When the Bills enter the visitors' locker room at M&T Bank Stadium in Baltimore for Sunday's game against the 4-2 Ravens, it will seem like just another away game, business as usual, for just about every Buffalo player.
Dwan Edwards is the exception.
This Sunday marks the defensive end's return to the city where he spent the first five seasons of his career after being drafted by the Ravens in the second round out of Oregon State in 2004.
"It's going to be different," Edwards said. "I'm looking forward to seeing some of the guys and some of the coaching staff, but at the end of the day (I've) got a job to do and I've prepared the best I can to go play my butt off on Sunday."
Edwards said his knowledge of the Ravens' schemes gives him a slight advantage Sunday, but added he can't be everywhere at once on defense.
"There might be something here or there, but it's been awhile since I played with those guys," he said. "I am familiar with their personnel and what not, but … I just have to play my technique on whatever defense is called. I can't be trying to go outside and make plays when it's not my turn."
After missing the 2008 season while recovering from neck surgery, Edwards returned to record a career-high 47 tackles last season. Familiar with the Bills' 3-4 defense, he signed with Buffalo as a free agent on March 17 and already has 32 tackles this season, on pace to shatter his 2009 mark.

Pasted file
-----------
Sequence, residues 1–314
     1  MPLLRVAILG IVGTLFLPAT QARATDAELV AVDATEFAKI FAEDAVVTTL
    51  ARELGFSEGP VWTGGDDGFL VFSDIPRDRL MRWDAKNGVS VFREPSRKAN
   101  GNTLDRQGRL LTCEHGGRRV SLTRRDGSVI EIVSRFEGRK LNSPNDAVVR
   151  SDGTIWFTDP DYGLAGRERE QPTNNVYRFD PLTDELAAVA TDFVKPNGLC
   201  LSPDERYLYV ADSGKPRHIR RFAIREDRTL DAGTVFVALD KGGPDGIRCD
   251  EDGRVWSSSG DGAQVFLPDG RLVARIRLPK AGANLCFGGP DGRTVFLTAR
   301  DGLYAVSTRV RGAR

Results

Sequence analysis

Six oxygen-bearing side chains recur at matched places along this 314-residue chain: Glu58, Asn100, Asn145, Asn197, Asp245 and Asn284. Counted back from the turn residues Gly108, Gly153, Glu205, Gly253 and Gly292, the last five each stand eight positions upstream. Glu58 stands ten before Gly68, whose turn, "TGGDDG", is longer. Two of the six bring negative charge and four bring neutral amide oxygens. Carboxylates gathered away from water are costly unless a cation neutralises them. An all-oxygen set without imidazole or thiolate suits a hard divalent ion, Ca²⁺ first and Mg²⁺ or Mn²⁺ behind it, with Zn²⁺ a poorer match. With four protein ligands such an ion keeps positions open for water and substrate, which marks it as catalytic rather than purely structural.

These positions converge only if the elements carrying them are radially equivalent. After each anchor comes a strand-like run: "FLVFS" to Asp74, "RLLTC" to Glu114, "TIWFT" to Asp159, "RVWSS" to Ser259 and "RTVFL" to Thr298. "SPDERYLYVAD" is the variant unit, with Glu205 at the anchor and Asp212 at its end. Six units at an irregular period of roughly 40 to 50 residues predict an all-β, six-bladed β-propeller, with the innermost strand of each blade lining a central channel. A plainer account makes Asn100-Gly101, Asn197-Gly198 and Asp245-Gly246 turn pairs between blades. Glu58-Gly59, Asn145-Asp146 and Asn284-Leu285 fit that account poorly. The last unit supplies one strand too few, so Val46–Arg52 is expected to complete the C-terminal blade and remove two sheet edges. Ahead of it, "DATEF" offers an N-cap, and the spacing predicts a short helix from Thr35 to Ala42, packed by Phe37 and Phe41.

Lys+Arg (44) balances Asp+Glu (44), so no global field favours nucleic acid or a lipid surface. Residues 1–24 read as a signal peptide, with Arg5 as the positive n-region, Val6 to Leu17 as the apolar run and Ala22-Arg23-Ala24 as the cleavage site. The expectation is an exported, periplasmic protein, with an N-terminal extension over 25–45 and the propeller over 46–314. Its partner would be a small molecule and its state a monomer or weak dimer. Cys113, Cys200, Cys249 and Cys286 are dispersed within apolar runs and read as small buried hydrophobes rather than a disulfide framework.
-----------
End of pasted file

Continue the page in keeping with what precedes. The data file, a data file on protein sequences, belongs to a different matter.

Fellow defensive lineman Spencer Johnson said Edwards has brought a winning attitude with him from the traditional-powerhouse Baltimore defense, but leads primarily by example.
"He talks, but Dwan's a hard worker," Johnson said. "He goes out and does his job and does it well, and works hard while he does it. That's the best type of leader you can have; a person you can see."
Edwards, 29, said he was far down the list of defensive leaders in Baltimore – playing alongside Ray Lewis, Terrell Suggs and Ed Reed, among others – but learned a lot about being a professional from them, which has helped him become a leader in Buffalo.
"Every day – how you practice, how you prepare, how you take care of your body – things like that are what I learned the most from those guys," Edwards said. "I'm probably one of the older guys here, so I guess it gives me a chance to help guys out (and) answer questions."
Johnson said, despite being overshadowed by Baltimore's higher-profile defenders, Edwards' winning experience has earned him respect in the Bills' locker room.
"It's good to play with guys like (he did), but Dwan held his own out there on the defense, too," Johnson said. "He's a veteran (who) knows what it takes to win, so it's delightful to have him."
Coach Chan Gailey said Edwards has been a key addition to a struggling defense.
"He's a very good player to start with and he's an excellent leader," Gailey said. "(He's) a true tough guy (who) gives us some strength on the defensive line and some speed on the defensive line that we needed."
Edwards said he hopes to help the winless Bills develop a physical attitude similar to the one that has been the Ravens' strong point for the last decade, highlighted by a defense-dominated playoff run in 2000 that culminated in a world championship.
"They went out and won a Super Bowl on defense, and that's just something that's kind of been established for so long for Baltimore," Edwards said. "I think here, that's something that's got to be established. There's going to be a team that eventually gets something started here, and that's going to build something for the future."
Edwards said he had a great experience in Baltimore and still keeps in touch with some of his former teammates, but would love the Bills' debut in the win column to come at their expense.
"I'd be lying if I said anything different," he said. "We need to win anyway, regardless of if we're playing the Ravens. Just to get a win, especially against them, would be great for our team."